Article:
This week, the homophobic and medieval "anti-gay propaganda" law passed its third and final reading in St Petersburg. Yesterday, it was signed by Georgiy Poltavchenko, Governor of St Petersburg (despite international protests from assorted LGBT groups and Western governments), which now makes it an actual law in St Petersburg. Officially, the law states that “public actions directed at the propaganda of sodomy, lesbianism, bisexuality and transgenderism among minors” will be punishable with fines of up to £17,000.
AllOut.org is a global organisation that campaigns for gay rights across the world. Having been toiling since December to try to bring worldwide attention to the law, one of the videos they put on the internet condemning it and asking people not to travel to the city went viral. Andre Banks, co-founder of AllOut, said: “By validating a new regime of censorship and intolerance, Governor Poltavchenko has diminished the reputation of his city with the stroke of a pen. One hundred thousand people have promised not to visit the "new" St. Petersburg after this law goes into effect.”
I spoke to Andre to try to figure out how this even happened.
VICE: Why the hell was this bill even proposed? Was there a particular event that triggered it?
Andre Banks: There was no single event that triggered the law, but a similar law was recently passed in two small Russian cities. When AllOut.org started our campaign back in December, the goal was to make sure that the "propoganda" law did not spread throughout Russia without major global opposition.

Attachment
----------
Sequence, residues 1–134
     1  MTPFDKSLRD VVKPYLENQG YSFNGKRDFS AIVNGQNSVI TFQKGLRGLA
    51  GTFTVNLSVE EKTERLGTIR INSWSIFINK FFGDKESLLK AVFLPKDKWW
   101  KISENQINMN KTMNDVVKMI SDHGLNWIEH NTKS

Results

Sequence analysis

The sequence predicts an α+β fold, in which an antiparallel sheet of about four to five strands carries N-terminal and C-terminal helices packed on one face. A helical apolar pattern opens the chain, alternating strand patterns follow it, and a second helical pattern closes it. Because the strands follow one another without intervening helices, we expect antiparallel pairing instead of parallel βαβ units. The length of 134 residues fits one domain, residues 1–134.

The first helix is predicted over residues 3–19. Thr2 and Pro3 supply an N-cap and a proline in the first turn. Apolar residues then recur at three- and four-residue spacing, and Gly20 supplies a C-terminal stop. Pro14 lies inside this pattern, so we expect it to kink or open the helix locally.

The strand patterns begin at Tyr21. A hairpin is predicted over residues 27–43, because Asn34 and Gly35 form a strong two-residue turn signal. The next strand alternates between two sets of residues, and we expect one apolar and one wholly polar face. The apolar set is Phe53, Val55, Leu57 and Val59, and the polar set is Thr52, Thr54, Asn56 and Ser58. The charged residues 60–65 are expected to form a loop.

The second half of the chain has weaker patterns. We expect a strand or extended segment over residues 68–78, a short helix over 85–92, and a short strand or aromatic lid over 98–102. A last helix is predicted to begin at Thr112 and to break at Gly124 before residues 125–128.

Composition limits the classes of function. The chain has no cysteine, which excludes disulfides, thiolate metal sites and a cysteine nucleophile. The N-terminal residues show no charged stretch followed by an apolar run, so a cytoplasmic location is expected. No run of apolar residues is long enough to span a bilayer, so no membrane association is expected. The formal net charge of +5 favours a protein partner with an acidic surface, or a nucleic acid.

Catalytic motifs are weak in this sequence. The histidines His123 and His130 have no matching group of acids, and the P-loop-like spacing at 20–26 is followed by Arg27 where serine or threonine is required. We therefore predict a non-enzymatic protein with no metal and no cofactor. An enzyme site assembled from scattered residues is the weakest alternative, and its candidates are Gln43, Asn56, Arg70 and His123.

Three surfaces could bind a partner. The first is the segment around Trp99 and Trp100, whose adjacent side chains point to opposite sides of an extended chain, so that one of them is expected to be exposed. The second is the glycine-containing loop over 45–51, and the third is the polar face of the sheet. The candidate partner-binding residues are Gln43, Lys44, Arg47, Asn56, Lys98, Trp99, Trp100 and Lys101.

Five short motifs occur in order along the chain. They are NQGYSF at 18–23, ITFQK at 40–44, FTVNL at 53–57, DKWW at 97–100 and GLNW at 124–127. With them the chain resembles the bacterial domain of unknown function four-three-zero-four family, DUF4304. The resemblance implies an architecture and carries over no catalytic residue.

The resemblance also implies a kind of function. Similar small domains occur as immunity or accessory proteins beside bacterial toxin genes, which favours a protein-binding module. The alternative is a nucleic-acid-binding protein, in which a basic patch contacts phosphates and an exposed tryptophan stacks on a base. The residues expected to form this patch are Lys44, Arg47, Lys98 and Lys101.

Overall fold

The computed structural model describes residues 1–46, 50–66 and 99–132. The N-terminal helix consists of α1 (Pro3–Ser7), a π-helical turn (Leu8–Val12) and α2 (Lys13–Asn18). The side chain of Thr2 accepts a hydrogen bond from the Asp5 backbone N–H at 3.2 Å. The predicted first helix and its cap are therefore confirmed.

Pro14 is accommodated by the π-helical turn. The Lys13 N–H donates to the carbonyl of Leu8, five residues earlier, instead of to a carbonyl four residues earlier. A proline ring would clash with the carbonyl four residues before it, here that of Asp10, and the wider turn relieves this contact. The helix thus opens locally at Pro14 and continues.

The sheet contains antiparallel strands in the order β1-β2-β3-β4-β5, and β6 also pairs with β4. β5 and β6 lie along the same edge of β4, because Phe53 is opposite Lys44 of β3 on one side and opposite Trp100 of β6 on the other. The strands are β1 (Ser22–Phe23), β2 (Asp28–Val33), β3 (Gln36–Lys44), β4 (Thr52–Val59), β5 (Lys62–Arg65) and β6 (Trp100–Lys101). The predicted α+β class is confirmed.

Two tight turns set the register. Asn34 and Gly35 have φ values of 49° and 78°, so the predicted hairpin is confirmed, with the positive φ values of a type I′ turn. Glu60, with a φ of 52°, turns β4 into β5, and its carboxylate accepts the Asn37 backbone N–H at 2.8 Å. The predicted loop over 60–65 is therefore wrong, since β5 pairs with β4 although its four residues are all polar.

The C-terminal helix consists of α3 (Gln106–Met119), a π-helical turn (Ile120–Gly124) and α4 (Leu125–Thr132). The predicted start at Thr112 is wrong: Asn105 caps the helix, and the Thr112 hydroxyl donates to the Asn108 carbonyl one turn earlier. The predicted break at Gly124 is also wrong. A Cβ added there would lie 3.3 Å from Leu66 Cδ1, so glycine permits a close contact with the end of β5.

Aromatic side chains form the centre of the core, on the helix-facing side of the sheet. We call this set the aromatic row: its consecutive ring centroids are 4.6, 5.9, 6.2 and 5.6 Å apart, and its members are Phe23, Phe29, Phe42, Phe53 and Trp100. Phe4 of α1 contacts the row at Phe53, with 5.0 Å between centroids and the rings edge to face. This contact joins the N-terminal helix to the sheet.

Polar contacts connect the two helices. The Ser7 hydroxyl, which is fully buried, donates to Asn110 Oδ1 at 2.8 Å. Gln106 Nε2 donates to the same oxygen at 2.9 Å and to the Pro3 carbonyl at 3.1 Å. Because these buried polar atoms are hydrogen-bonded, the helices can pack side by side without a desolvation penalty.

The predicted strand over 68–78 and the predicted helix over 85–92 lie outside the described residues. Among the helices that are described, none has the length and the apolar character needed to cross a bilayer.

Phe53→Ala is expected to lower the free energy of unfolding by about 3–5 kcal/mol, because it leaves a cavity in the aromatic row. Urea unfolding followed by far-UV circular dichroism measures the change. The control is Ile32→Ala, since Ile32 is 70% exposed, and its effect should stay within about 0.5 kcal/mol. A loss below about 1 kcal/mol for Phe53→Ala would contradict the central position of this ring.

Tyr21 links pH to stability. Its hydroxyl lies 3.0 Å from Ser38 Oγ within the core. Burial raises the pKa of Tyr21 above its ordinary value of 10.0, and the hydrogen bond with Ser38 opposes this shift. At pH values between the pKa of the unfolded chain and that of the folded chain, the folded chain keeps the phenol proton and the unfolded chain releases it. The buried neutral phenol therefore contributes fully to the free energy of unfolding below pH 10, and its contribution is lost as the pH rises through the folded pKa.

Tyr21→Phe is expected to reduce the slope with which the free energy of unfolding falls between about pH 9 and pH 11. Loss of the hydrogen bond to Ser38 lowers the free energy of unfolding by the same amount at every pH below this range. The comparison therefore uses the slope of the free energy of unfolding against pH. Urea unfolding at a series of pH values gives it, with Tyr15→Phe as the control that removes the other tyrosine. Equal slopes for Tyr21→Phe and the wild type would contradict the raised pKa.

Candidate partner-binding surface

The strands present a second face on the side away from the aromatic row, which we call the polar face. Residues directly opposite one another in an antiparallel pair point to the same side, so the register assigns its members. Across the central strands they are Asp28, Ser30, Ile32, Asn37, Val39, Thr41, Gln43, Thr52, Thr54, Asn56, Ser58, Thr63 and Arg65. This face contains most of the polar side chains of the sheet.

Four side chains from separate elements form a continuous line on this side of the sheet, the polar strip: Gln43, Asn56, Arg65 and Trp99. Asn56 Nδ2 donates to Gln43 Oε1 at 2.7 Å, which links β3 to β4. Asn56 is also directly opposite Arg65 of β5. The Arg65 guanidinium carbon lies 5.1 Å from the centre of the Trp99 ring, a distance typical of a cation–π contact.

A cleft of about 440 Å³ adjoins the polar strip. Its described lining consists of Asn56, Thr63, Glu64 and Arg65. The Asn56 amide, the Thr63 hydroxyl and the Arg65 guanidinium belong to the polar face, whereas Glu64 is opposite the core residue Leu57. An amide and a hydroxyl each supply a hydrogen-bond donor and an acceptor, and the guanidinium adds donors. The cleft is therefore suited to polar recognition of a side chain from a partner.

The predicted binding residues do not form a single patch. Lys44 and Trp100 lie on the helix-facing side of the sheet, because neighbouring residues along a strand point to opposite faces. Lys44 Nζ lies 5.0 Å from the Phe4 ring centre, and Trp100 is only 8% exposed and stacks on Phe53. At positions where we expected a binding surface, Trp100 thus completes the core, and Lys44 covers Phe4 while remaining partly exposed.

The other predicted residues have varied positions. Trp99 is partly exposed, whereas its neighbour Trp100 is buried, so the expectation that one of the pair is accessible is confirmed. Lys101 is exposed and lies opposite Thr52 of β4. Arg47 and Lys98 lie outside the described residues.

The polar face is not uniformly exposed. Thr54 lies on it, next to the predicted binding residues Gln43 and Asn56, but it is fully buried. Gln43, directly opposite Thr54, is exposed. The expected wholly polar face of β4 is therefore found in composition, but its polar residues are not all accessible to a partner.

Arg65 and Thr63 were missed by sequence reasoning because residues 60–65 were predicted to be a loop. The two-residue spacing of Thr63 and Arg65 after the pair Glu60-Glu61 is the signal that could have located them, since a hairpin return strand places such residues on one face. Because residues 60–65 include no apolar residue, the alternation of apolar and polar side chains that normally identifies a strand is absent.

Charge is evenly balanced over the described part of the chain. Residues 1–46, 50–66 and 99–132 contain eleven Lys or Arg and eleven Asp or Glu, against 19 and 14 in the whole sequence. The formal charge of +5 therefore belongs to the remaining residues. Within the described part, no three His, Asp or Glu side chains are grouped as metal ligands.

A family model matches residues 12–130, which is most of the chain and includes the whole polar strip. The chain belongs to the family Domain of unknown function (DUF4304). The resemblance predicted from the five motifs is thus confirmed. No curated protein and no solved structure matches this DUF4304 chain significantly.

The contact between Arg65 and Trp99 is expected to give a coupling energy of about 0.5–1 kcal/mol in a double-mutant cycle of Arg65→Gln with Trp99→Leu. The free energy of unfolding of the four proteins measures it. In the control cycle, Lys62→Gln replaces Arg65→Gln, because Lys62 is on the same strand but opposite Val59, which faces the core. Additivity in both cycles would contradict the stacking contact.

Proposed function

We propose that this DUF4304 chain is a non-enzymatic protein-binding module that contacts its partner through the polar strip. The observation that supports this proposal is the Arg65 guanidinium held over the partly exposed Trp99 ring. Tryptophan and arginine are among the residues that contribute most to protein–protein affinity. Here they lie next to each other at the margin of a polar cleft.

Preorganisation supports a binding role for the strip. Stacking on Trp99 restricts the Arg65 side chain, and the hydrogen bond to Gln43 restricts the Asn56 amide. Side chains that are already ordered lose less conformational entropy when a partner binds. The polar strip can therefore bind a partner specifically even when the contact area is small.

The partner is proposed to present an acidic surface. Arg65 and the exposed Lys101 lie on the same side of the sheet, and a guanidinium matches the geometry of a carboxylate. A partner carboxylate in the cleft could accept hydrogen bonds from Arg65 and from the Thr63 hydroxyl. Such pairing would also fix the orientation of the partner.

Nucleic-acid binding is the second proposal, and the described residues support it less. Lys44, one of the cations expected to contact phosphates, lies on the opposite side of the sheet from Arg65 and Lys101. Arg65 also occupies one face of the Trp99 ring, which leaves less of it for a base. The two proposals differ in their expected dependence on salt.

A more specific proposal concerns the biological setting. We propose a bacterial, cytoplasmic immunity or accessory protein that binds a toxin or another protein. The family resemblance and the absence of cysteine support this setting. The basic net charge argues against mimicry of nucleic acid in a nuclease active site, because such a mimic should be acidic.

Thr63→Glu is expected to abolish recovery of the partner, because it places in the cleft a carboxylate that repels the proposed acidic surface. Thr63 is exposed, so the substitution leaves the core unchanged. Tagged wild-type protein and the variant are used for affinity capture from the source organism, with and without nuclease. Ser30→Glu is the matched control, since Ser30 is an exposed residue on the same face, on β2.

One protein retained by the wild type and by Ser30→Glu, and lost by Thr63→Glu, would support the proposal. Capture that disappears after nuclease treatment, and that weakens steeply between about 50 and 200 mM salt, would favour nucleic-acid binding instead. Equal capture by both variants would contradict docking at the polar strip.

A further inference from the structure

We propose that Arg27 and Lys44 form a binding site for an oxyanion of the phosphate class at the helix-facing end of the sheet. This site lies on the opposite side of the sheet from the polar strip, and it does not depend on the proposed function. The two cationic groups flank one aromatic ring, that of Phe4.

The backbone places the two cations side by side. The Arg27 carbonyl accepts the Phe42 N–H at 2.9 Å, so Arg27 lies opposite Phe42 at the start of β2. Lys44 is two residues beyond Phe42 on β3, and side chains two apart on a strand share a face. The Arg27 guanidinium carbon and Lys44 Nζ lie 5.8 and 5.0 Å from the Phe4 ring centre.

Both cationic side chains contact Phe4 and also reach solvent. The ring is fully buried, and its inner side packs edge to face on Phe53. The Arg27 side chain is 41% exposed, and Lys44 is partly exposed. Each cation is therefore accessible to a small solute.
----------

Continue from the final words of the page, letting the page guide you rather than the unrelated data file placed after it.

What actually is "gay propaganda"? The legislation seems pretty sketchy and vague.
It is sketchy and incredibly vague! We've had the law reviewed by some of the best lawyers in Russia and what they tell us is that it is badly written, unclear and so broad that an enormous range of activities could now be subject to substantial fines. Most notably, it appears that the law could be used to make it impossible for LGBT groups to operate openly in the country, prohibit artists from using gay subjects or characters and make it very difficult, if not impossible, to report homophobic hate crimes. Even this article would be illegal in St Petersburg now.
I understand the bill was passed in St Petersburg, but does it affect the whole of Russia?
After three votes, the bill was passed two weeks ago and Giorgy Poltavchenko, the Governor of St Petersburg, just signed it into law. The law only applies to the city of St Petersburg for now, but it's worth noting that Poltavchenko, as well as the Mayor of Moscow, were appointed by the national party, so it's very possible that they could try to pass this the law at the national level soon.
Vitaly V. Milonov, the law’s principal drafter, said gay rights activists are trying to "convert" children. That’s the most ridiculous thing I have ever heard – do you know anything else about this guy?
Our partners in Russia have told us repeatedly that the atmosphere within the St Petersburg Assembly is irrational, homophobic and extremely intense. Thanks to Milonov and others stirring up completely unfounded fears of "conversion", they have been able to advance the law quickly and even with popular support. The fact is, this is not about children – the law will silence all Russians, straight and gay, by giving the government the tools to crush freedom of expression.
If you'd like to help AllOut.org in vetoing the "anti-gay propaganda" law, you can pledge not to visit St Peterburg any time soon, right here.
Follow Gabriela on Twitter: @gabrielaesta